Defray Ransomware Using Custom Logo’s to Gain Access to Data

By:  |  Category: Blog, Security Tuesday, September 5th, 2017  |  No Comments
Defray

A new strain of ransomware called Defray has recently been reported. Defray, unlike most wide-ranging ransomware attacks, is specifically targeting healthcare, education, manufacturing, and technology using custom crafted logos and emails.

Defray spreads through phishing emails that includes a document that contains the ransomware with a payment demand of $5,000.

According to Proofpoint, Defray is a social engineering exploit utilizing custom-crafting emails to appeal to the recipient. Typically, the attachments use specific logos depending on which vertical they are targeting to appear legitimate.

Strangely enough, in addition to the ransom demand, the hackers note it is possible to negotiate a smaller ransom demand, and highlight the strength of the ransomware to persuade victims from attempting to move towards decryption.

New Ransomware Strain Capabilities

Proofpoint reported that its researchers came across Defray in the beginning of August during an attack on U.K. manufacturing and technology verticals. It started with a phishing email, with the sender posing as an aquarium representative. The email had the subject “Order/Quote,” along with a Microsoft Word document that contained an embedded executable and an OLE packager shell object.

This attack consisted only of a few messages in total and had lures that were specifically targeted to the victims. When the executable is clicked, the ransomware is dropped in the victim’s %TMP% folder with a name such as taskmgr.exe or explorer.exe. It is then executed.

No file names are changed in this attack, so the threat actors forgo the typical step of extension-marking encrypted files.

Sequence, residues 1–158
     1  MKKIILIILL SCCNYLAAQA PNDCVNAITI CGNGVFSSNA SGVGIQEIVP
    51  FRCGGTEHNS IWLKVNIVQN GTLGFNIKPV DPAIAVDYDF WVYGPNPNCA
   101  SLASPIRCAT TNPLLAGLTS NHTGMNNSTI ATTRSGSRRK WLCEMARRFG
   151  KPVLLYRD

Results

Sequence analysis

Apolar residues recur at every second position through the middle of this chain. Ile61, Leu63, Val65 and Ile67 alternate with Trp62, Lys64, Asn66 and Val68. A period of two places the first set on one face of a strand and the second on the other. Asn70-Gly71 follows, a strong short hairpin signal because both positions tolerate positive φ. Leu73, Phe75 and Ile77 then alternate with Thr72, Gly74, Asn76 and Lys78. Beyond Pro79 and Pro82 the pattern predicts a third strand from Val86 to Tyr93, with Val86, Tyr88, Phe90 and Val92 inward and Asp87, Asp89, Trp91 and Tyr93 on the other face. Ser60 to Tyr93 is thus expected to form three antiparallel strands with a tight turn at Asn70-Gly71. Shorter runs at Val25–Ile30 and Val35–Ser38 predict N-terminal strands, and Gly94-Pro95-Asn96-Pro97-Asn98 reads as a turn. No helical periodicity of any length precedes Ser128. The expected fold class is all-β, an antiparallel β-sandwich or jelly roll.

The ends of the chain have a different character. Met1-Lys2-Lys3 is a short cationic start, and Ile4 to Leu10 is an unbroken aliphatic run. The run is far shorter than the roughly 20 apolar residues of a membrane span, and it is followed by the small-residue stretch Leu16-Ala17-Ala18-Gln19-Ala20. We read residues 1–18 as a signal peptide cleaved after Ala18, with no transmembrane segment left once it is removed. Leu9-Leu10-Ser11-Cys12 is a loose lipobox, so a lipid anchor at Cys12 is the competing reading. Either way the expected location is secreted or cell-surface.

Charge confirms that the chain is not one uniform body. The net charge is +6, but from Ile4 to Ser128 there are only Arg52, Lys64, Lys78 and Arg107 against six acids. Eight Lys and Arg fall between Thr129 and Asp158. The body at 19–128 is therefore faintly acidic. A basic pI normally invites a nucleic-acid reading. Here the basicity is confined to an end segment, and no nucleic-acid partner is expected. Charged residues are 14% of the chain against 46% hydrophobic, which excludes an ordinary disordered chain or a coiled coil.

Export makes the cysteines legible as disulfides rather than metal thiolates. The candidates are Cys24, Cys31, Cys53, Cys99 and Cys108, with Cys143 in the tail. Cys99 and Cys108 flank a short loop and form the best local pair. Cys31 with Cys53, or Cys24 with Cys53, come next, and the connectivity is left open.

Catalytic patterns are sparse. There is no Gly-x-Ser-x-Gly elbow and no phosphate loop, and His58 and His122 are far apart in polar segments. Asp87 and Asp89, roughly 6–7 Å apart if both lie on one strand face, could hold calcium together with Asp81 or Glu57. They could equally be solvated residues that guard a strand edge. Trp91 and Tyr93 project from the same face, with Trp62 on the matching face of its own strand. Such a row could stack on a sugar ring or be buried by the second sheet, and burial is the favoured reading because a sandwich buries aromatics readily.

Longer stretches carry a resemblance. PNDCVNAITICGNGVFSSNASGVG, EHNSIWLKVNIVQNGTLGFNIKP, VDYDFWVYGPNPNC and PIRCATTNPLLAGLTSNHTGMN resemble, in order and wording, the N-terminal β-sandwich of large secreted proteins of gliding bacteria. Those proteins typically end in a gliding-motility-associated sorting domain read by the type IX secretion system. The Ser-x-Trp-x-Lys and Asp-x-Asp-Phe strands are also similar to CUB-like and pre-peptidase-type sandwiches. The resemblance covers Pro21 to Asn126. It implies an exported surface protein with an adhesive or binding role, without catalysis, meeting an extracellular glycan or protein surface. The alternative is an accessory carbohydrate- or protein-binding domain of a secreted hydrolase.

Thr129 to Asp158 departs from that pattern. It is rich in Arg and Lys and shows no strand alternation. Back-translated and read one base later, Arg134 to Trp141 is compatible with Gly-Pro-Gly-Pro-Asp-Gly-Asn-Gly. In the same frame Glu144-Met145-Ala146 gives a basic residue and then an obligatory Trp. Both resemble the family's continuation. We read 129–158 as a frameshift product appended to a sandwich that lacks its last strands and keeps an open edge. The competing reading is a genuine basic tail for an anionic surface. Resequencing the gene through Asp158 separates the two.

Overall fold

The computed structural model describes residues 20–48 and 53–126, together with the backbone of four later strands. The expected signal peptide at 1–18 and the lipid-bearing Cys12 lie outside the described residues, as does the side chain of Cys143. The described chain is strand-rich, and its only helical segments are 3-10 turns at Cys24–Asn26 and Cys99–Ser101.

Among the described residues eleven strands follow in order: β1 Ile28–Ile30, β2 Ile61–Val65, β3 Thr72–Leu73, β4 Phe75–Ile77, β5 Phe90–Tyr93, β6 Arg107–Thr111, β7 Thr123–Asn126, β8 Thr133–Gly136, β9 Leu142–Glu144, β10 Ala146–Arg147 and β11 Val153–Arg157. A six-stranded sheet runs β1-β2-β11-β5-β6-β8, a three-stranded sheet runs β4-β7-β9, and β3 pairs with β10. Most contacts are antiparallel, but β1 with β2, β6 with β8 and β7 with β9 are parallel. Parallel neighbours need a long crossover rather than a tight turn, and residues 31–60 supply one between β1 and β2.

Healthcare Targeted

A second campaign, this time specific to health care and education, was discovered at the end of August. The poisoned attachment in this case purported to be from the director of Information Management and Technology from a U.K. hospital.

Proofpoint observed that the malware communicated with the command-and-control (C&C) server using both HTTP (cleartext) and HTTPS. Infection information was sent to the server, which was named Defray. This server became known as an identifier for the malware, rather than an appended extension to the encrypted files.

The researchers also noted that the malware authors provided email addresses to further interact with victims and negotiate ransom amounts. Of course, this is one way that the threat actors can be traced, so it remains to be seen how long these addresses are active.

Defray’s Targets
The recipients of the malware are individuals or distribution lists, such as group@ and websupport@, Proofpoint found. The geographic targeting is limited to the U.K. and the U.S. so far.

Proofpoint explained that “it is also likely that Defray is not for sale, either as a service or as a licensed application like many ransomware strains.” Instead, the ransomware could be used by specific threat actors with clear objectives.

As a general rule, keep your data backups current and think before you click— no matter how well you know the person.

If you need help with comprehensive cyber security strategy, give EnhancedTECH a call at 714-970-9330 x290 or contact us at sales@enhancedtech.com for a complimentary security consultation.

Samantha Keller

Samantha Keller

Director of Marketing and PR at EnhancedTECH
Samantha Keller (AKA Sam) is a published author, tech-blogger, event-planner and mother of three fabulous humans. Samantha has worked in the IT field for the last fifteen years, intertwining a freelance writing career along with technology sales, events and marketing. She began working for EnhancedTECH ten years ago after earning her Bachelor’s degree from UCLA and attending Fuller Seminary. She is a lover of kickboxing, extra-strong coffee, and Wolfpack football.Her regular blog columns feature upcoming tech trends, cybersecurity tips, and practical solutions geared towards enhancing your business through technology.
Samantha Keller

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